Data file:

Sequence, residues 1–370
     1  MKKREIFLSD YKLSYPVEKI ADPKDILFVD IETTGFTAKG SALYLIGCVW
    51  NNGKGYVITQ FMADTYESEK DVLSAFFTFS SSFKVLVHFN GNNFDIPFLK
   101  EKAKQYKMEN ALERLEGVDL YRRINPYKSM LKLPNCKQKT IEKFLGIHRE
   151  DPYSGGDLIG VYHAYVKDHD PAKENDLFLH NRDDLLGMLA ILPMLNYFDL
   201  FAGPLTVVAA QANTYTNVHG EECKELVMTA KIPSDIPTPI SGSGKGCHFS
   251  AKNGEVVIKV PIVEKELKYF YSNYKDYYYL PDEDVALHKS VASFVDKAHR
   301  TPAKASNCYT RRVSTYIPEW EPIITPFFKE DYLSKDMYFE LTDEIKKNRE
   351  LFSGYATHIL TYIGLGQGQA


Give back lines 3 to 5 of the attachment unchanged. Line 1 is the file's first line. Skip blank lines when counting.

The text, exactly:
    51  NNGKGYVITQ FMADTYESEK DVLSAFFTFS SSFKVLVHFN GNNFDIPFLK
   101  EKAKQYKMEN ALERLEGVDL YRRINPYKSM LKLPNCKQKT IEKFLGIHRE
   151  DPYSGGDLIG VYHAYVKDHD PAKENDLFLH NRDDLLGMLA ILPMLNYFDL